Arriving into the Gare du Nord, don't expect to step off the Eurostar and into the Haussmann-style romance of Paris straight from the platform. The train station is in a slightly dubious part of the city, but it's easily connected with a 10-minute journey on the Gare de Lyon. Very soon, I emerge into the bistro-filled, Haussmann-style Paris of postcards and Instagram grids.

The Gare de Lyon boasts one of the most lavish and beautiful train station restaurants in the world, so I’ve allowed enough time for a late lunch at Le Train Bleu, before the final leg of my journey. I can’t stop staring up in awe at the frescoed ceiling with gilded trim, even as my perfectly crisped filet mignon arrives and a trolley of local mature cheese is wheeled up to the table.

The jaunty “ba ba ba ba” of SNCF's (France's national state-owned railway company) announcement declares the platform ready and I board the fast train to Lyon, which takes a little less than two hours. Powering across countryside of vast fields, villages become more and more idyllic in honey-hued prettiness, and church staves pierce the sunset sky.

I arrive in Lyon to a balmy evening, just in time for a nightcap in one of the many cave-like wine bars by the Saone in Vieux Lyon. The Basilique Notre-Dame of Fourviere is illuminated against the night sky, presiding over the old rooftops.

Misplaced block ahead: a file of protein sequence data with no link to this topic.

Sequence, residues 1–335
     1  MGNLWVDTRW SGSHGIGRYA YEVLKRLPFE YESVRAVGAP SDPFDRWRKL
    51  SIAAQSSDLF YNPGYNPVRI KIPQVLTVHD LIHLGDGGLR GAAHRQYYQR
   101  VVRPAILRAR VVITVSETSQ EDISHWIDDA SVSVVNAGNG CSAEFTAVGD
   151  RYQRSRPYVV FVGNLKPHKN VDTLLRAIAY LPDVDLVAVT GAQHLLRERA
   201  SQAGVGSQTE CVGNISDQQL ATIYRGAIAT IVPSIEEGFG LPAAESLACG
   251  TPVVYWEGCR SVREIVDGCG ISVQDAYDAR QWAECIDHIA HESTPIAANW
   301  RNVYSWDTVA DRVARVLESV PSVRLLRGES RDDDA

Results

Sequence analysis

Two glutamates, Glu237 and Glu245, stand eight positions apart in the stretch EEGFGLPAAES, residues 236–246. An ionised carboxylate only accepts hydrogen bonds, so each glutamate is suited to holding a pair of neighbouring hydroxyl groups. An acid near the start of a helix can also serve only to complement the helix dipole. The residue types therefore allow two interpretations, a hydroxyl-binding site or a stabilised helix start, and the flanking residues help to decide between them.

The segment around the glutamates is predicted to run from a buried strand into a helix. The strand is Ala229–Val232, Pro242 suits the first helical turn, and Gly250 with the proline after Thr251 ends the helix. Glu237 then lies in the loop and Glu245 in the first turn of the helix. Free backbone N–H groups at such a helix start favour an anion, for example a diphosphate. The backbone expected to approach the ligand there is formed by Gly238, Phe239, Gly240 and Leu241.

I revel in the fact that I’ve made it all the way to the banks of the Rhone from Scotland without having to go anywhere near an airport. An 8.30pm arrival means I arrive hungry, so I head directly to a rustic cafe-bar on the Soane, to feast on a creamy cheese board and charcuterie platter.

After an overnight stay in the quirky, four-star College Hotel, I step straight into Vieux Lyon to explore the old city streets. The time-worn pavements are sleek with rain, but the weather doesn’t detract from the beauty of the city.

The best way to start the day in France is with a freshly baked pain au chocolat from a local bakery and the buttery layers paired with a rich black coffee, overshadowing my Pret a Manger choice in Edinburgh the day prior.

I wander the streets of Lyon, pop into the marionette museum, where a collection of weird and wonderful stringed characters stare blankly back at me, and poke about in chichi little shops. It seems like every street is home to a vast selection of bouchons – traditional Lyonnaise restaurants serving the delicious, rustic cuisine the city is famous for.

Lyon is home to more than 4,000 restaurants, including 16 with Michelin stars. To work up an appetite, I hike up to the stunning, bone-white facade of Basilique Notre-Dame of Fourviere, visible from nearly every part of the city. The views over the shambling old streets and grand boulevards beyond is worth the climb, and the glorious interior of frescoes and gold inside the basilica offers a quiet moment of respite on my whirlwind tour.

I’ve chosen the traditional Bouchon Palais Grillet for a lunch of pistachio sausage, potatoes dripping with meat juice and rich onion gravy. Full of Lyon’s heartiest gastronomy, I’ve just enough energy to visit the Museum of Cinema for a surreal journey through the special effects of Hollywood and beyond.

Still stuffed from lunch, I opt for a casual bar for dinner, and people-watch as I slowly devour a plate of cured meat, cheese and pâté with plenty of crusty, homemade bread – the perfect ending to a flight-free escape in the foodie haven of France.

Updated: May 06, 2024, 12:05 PM